I've just watched a test strip of film that I developed using an alternative to sulphuric acid for the bleach part of the black and white reversal process! I'm totally thrilled! It has come out beautifully. I have always avoided using sulphuric acid to mix my own bleach because I'm quite freaked about how utterly volatile and dangerous it can be. I know there are safe ways of working with it, including loads of ventilation and goggles and lots of protective gear, but I didn't fancy having to spend loads of cash on stuff like that. And sometimes, when I have a real aversion to something, despite assurances it's all ok, I like to listen to my gut. So, for a few years, I've mostly been developing colour film, or else developing b/w film as a negative process, or using a fomapan reversal kit (which isn't brilliant for Tri-X - it makes footage shot on a sunny day look like it was really overcast, and it's pretty pricey too).
So I found out about an alternative solution on the website www.photosensitive.ca which involves using 65 g/L sodium bisulfate and 10 g/L potassium dichromate. For photographic / cine developing purposes, this is almost identical to the sulphuric acid bleach, because the resulting solution is chemically identical to an equal mixture of sodium sulfate and sulphuric acid, and the sodium sulfate is photographically inert! Genius!
It's basically R9 bleach!
Because sodium bisulfate is a powder, and behaves differently to how acid behaves, it is so much easier and safer to use. Of course the potassium dichromate, the other powder used, is seriously dangerous to health and should absolutely never be inhaled, and spillages should be cleaned up promptly otherwise they dry and the powder gets into the air and can be inhaled, but at least cutting the sulphuric acid out of the equation means there's one less thing that could go wrong!
A little extra info about potassium dichromate, courtesy of Florian Cramer (thanks Florian for flagging this up). It is seriously nasty stuff, so utmost care people!!
"But as you write in your original posting, people should be aware of the health risks of Potassium dichromate which according to Wikipedia is "one of the most common causes of chromium dermatitis; [...] especially of the hand and fore-arms, which is chronic and difficult to treat. Toxicological studies have further illustrated its highly toxic nature. With rabbits and rodents, concentrations as low as 14 mg/kg have shown a 50% fatality rate amongst test groups. [...] As with other CrVI compounds, potassium dichromate is carcinogenic and should be handled with gloves and appropriate health and safety protection. The compound is also corrosive and exposure may produce severe eye damage or blindness. Human exposure further encompasses impaired fertility, heritable genetic damage and harm to unborn children."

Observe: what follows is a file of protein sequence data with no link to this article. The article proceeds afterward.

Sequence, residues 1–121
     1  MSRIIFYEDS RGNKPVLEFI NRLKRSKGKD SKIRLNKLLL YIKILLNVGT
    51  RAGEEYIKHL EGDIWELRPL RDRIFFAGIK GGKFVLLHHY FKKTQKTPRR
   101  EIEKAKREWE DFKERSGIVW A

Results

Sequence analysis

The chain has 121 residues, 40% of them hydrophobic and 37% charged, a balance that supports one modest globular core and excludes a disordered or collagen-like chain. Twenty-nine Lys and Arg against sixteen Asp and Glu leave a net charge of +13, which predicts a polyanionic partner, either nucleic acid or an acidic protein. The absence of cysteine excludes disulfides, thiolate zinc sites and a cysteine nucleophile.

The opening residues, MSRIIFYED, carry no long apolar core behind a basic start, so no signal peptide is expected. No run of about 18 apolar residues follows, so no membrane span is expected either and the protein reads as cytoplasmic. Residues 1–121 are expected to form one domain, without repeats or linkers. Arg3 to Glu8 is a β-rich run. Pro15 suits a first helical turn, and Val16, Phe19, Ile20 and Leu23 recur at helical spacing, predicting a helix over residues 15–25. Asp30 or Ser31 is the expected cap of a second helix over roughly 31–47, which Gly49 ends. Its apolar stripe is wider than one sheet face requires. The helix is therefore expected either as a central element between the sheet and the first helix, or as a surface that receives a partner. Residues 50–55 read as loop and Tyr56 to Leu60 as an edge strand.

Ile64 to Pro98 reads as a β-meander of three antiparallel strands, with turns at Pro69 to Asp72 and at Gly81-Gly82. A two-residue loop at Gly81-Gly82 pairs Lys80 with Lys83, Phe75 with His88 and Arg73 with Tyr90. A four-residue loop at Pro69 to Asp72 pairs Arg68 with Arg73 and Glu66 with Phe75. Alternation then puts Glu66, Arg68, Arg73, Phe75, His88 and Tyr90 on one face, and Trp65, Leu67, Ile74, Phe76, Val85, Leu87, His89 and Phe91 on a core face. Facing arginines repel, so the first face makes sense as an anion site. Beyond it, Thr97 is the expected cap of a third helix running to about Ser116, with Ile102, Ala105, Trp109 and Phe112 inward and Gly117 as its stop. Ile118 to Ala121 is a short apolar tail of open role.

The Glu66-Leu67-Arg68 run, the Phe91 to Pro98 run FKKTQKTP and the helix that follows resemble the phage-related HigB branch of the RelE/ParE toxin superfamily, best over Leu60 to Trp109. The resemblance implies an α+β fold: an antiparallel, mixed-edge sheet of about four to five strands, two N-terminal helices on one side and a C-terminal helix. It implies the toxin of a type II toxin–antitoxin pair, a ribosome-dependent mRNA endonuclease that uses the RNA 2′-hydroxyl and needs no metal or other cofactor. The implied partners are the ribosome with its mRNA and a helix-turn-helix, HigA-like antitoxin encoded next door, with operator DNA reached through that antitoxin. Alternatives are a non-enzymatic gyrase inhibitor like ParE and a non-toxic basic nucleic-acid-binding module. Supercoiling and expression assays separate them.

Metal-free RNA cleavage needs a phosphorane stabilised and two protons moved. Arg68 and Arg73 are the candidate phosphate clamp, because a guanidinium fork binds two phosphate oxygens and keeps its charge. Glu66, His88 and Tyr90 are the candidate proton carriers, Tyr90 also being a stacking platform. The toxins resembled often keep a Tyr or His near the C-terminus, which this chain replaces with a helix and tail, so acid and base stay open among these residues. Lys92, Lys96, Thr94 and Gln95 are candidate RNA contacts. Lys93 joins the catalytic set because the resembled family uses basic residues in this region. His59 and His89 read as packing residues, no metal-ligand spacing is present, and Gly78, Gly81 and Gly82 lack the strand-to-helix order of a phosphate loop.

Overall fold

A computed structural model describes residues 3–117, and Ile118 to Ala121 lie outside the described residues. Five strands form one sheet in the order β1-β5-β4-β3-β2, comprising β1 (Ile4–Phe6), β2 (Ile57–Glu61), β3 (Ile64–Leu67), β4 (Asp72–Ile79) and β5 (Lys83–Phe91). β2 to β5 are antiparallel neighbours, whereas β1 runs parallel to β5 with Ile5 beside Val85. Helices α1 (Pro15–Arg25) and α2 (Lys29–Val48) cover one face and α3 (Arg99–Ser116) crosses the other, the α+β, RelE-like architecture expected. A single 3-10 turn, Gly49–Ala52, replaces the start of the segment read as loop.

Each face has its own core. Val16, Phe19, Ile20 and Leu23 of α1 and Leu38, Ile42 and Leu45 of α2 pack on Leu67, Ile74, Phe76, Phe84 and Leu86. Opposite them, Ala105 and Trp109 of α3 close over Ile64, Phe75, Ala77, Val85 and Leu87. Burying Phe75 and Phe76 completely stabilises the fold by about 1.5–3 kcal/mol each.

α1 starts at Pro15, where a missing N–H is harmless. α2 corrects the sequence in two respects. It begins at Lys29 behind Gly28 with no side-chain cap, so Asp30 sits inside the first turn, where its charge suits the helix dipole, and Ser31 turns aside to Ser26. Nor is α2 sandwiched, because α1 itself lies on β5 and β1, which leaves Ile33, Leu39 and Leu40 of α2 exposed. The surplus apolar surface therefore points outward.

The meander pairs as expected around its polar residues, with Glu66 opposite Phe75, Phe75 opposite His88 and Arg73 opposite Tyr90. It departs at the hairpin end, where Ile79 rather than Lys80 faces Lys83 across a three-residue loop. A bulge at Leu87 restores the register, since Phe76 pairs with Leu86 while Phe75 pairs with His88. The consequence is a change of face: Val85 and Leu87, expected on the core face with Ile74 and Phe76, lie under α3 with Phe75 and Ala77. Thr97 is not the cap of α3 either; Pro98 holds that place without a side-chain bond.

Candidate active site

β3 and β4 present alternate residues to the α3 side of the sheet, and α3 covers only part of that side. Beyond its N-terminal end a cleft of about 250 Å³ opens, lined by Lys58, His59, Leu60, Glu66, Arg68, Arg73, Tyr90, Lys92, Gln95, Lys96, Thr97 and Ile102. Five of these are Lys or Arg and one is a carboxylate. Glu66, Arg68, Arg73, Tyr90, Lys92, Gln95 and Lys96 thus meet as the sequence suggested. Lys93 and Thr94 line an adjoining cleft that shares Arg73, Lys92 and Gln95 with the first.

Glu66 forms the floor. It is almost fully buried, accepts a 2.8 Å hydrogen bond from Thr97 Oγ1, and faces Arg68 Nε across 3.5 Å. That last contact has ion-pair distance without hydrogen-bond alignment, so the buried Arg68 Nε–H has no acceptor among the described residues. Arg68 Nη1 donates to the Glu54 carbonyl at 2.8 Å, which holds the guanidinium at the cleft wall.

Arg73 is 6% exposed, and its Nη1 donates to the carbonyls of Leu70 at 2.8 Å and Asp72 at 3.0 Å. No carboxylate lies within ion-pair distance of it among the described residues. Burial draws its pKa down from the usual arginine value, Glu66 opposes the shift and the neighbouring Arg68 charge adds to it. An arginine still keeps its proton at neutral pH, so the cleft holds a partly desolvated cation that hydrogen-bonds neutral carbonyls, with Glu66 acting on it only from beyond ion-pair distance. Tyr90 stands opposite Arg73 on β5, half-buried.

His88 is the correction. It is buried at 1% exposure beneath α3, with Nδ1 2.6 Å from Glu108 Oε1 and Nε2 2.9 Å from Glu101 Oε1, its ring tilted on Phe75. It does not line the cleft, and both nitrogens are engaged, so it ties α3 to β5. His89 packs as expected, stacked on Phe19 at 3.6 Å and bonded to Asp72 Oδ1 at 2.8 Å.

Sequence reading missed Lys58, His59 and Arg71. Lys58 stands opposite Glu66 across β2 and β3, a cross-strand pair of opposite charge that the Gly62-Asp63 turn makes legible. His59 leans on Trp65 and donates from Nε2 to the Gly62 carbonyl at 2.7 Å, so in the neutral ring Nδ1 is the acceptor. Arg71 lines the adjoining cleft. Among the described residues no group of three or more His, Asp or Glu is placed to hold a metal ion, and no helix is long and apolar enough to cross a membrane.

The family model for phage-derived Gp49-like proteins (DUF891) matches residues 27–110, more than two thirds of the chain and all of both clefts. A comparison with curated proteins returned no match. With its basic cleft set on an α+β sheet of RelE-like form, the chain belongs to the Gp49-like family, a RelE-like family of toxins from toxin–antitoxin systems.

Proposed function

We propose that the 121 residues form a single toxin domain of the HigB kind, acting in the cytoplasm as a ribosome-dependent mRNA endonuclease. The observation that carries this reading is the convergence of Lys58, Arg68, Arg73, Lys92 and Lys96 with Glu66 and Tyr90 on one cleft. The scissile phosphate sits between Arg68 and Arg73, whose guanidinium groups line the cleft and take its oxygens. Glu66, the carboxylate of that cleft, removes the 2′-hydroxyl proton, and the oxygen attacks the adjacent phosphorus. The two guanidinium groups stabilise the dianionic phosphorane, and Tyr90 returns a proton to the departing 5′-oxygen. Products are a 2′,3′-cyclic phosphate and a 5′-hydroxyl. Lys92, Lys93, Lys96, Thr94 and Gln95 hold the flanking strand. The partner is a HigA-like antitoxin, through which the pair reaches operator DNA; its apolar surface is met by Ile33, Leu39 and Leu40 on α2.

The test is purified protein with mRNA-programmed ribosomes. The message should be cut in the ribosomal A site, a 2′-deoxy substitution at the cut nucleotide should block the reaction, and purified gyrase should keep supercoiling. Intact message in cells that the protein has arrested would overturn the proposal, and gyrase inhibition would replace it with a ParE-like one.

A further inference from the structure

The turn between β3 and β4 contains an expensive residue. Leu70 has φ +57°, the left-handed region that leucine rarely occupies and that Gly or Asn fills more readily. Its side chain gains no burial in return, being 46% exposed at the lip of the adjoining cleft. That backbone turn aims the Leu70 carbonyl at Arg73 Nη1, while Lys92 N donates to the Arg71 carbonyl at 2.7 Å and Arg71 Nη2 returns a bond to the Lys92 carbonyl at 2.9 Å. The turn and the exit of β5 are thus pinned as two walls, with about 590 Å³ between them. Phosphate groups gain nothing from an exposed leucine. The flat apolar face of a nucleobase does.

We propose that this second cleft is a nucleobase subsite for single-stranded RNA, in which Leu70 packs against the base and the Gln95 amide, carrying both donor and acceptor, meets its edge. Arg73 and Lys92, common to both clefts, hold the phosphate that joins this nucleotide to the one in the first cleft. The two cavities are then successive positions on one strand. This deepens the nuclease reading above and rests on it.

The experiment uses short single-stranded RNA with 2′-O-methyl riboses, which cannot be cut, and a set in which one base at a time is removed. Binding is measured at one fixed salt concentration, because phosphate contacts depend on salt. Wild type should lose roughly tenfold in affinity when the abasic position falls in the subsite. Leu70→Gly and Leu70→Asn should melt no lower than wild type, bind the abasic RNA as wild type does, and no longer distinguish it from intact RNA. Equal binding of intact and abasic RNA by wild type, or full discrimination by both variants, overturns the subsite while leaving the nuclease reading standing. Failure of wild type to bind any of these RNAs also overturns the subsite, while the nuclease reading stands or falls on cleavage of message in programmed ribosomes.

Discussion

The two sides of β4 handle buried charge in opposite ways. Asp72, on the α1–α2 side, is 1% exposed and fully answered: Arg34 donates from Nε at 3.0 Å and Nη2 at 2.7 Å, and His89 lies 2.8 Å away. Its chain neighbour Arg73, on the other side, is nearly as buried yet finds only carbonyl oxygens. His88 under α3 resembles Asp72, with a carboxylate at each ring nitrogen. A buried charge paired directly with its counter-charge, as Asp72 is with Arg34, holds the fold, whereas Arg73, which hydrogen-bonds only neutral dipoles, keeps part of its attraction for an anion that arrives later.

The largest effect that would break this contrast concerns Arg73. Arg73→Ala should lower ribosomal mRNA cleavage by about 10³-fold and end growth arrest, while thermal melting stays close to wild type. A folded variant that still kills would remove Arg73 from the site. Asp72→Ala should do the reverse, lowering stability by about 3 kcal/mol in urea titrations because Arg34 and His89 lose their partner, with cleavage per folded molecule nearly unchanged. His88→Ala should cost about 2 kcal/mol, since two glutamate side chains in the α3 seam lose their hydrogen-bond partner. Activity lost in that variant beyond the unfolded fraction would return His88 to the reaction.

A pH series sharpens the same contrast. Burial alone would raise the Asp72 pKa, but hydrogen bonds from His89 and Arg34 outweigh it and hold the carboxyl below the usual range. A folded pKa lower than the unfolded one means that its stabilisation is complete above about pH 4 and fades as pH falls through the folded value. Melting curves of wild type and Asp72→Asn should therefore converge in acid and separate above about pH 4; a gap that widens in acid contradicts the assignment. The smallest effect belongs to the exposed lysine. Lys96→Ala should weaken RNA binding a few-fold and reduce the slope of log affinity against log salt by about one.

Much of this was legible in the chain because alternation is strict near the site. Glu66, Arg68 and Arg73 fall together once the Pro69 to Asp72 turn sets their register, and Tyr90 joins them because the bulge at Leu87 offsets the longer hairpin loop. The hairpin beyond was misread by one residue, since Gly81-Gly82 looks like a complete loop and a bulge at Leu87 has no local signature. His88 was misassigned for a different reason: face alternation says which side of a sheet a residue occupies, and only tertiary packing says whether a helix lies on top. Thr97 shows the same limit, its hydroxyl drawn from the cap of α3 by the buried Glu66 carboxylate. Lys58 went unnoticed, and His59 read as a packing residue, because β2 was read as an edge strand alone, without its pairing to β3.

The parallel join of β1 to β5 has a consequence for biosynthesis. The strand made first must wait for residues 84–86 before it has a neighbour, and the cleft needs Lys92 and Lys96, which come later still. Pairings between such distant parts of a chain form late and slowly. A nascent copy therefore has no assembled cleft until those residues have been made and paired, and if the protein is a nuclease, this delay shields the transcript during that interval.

Here are the timings I used for developing my test strip of Tri-X b/w reversal Super 8 film:
first developer - D-19, 7 mins
bleach - 65 g/L sodium bisulfate (NOT bisulfite!) and 10 g/L potassium dichromate, 3 mins
clearing bath - 50 g/L sodium sulfite (NOT sulfate!), 1 min
re-exposure to light
second developer - D-19 (same as first dev), 4 mins
fixer - non-hardening (only because I intend to tone the film), 4 mins
rinse - 15 mins
Very pleased. Has really worked brilliantly. Off to process 3 full Super 8 films now, and get on with making that music video for 'Kiwi', the single by Leeds band 'Just Handshakes'.
The developing is only a tiny first step - then comes toning by hand using brushes on each individual frame. Not to mention the editing! I have so much work to do at the moment, better go and get on with it!
Thursday, Friday and Saturday were spent teaching children Super 8 filmmaking in Cambridgeshire. It was ace fun. I spent a day with 6 year olds on Thursday! They were so sweet, and really focused on the filmmaking, I was totally impressed. The next day I spent with 9-13 year-olds doing b/w filmmaking with caffenol and applying colour by hand, and the day after that was shooting colour reversal and cross-processing it, with 8-14 year-olds. I slept for England afterwards!
My friend Marko from Bristol also sent me an email about how mac laptops are totally influenced by the design of Braun Nizos! It was a revelation - but one that makes perfect sense when you think about it! That brushed steel look - total winner.
Enough film geekery for now...